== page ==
Marni Alexander opened the day of public mourning shortly after eight o'clock Tuesday. Dressed in a black suit and wearing a black hat and veil, she formed the head of a procession of city officials come to pay their respects. Directly behind her was Mayor Bob Bratina and members of City Council as well representatives from Hamilton Police Services, including Chief Glenn DeCaire.
Alexander stood for a moment before her husband's coffin. A few moments later, Bratina and members of council formed a semi-circle around Alexander's coffin.
Alexander and Bratina then stood and received honoured guests and the public.
There were many hugs from city officials and members of the public who made it out despite the rain. There were many jokes and smiles. There were some tears. Maria Pearson, councillor for Stoney Creek, couldn't hide her sense of loss.
“I go back some years with Linc,” she said later. “ I knew him when he was a lawyer and I was a law assistant.”
Pearson, who called Alexander a “gentle giant” said he had a great sense of humour.
“There are a lot of memories for me,” she said, still moved by her thoughts of the past.
“I'm glad he's home. I think he'd be thrilled [with the event]. Other than thinking we're putting on too many airs for him,” she said, before adding that it's only his due.
“This guy is a testament to all that's great about Hamilton and is an inspiration to every demographic,” said councillor Jason Farr (Ward 2), who brought his seven-year-old son Jake to pay his respects.
“He's a great representative of the Hamiltonian mentality, which is 'we're all in this together,” said Farr.
Alexander's status as 'Mr. Hamilton' was a theme often invoked by those present. For Bratina, Alexander's significance to the city's reputation can't be underestimated.
“The presence that Mr. Alexander had in the city and the way he represented us in the province and the country was remarkable. Our loss is the loss of a great ambassador for the city,” said Bratina.
That loss was felt by many present, even those who barely knew Alexander.
“I think what you'll notice when you see people coming up to pay their respects and to speak to his wife Marni is the sincere loss of someone they feel is a friend even though they had a passing acquaintance.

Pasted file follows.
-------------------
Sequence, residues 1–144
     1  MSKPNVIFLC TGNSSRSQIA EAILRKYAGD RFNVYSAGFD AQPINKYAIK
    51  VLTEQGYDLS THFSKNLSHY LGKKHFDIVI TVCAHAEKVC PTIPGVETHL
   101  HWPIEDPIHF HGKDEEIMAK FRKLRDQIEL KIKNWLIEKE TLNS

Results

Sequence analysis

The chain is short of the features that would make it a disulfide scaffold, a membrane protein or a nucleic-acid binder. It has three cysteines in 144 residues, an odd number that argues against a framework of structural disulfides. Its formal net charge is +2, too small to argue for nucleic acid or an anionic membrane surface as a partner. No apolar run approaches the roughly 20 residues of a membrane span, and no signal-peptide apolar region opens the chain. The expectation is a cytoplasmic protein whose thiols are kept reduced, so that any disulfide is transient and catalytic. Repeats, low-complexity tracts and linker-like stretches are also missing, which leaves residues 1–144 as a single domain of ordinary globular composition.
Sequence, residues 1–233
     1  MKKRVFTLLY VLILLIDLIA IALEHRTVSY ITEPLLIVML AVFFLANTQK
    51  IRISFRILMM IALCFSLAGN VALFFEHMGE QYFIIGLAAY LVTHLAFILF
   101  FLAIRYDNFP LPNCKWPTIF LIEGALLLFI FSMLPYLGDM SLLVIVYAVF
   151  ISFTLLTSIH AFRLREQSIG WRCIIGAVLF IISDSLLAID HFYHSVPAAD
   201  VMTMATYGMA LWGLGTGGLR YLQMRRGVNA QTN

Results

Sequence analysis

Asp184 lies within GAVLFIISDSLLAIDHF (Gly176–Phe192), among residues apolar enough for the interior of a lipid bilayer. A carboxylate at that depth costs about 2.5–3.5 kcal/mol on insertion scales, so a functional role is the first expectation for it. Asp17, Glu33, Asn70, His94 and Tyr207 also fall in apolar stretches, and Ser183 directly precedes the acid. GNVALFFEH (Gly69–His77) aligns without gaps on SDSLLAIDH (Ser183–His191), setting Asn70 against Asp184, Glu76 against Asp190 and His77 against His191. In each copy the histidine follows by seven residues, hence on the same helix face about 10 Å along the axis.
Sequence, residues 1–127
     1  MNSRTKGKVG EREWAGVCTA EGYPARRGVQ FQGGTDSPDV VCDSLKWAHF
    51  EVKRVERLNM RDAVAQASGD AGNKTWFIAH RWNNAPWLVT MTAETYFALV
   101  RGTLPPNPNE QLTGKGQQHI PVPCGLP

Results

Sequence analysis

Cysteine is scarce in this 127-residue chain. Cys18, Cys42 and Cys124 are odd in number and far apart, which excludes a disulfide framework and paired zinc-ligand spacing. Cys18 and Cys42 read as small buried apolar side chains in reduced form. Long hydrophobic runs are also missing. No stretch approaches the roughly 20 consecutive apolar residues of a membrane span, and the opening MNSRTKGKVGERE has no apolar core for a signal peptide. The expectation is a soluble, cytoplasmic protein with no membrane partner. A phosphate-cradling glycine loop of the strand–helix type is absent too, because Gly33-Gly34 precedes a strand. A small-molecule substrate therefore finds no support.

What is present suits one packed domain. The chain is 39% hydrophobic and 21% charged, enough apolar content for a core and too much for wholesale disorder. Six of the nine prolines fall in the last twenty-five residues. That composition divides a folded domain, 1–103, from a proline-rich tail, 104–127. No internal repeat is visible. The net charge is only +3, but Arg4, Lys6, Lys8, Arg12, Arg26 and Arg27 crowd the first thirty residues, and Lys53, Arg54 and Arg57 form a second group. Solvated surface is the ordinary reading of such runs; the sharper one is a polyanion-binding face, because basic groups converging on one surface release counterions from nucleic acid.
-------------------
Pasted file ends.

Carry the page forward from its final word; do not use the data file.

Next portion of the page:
Hamiltonian Billy Rosart, 60, made it out in the rain to say his goodbyes to Alexander.
“I've known Linc for 50 years,” said Rosart. “I used to deliver the Hamilton Spectator to his office,” he said.
“I knew Linc before he was elected,” said councillor Lloyd Ferguson (Ward 12). “The skill he had — he could ground you real quick. Very politely and with humour he brought you back to the real issue.”
Councillor Terry Whitehead (Ward 8) also went back some years with Alexander. He recalled that Alexander encouraged him to get into politics. “He said, you've got chutzpah,” Whitehead shared.
Whitehead was pleased by the event's celebrating Alexander's life in Hamilton. “It's a testimony to his love for the community and the community's love for him,” said Whitehead. “ The reality is that he's Mr. Hamilton.”
The Mayor also remarked on the importance of paying public respects over the course of the next few days.
“It's important that we have the last opportunity to pay our respects and say goodbye. As the man who was chosen the greatest Hamiltonian, none of us will be at another event such as this,” said the Mayor.
The public is invited to honour Lincoln Alexander's memory at City Hall Tuesday to Thursday from 8 a.m. to 8 p.m.
On Friday, a state funeral will be held at Hamilton Place. The procession will start at city hall at 12:30 p.m. The route will travel east on Main Street, stopping in front of the Cenotaph before moving on the Hamilton Place.
The funeral will begin at 2:30 p.m. The public is welcome. But seating is limited and the doors of Hamilton Place will close at 2 p.m.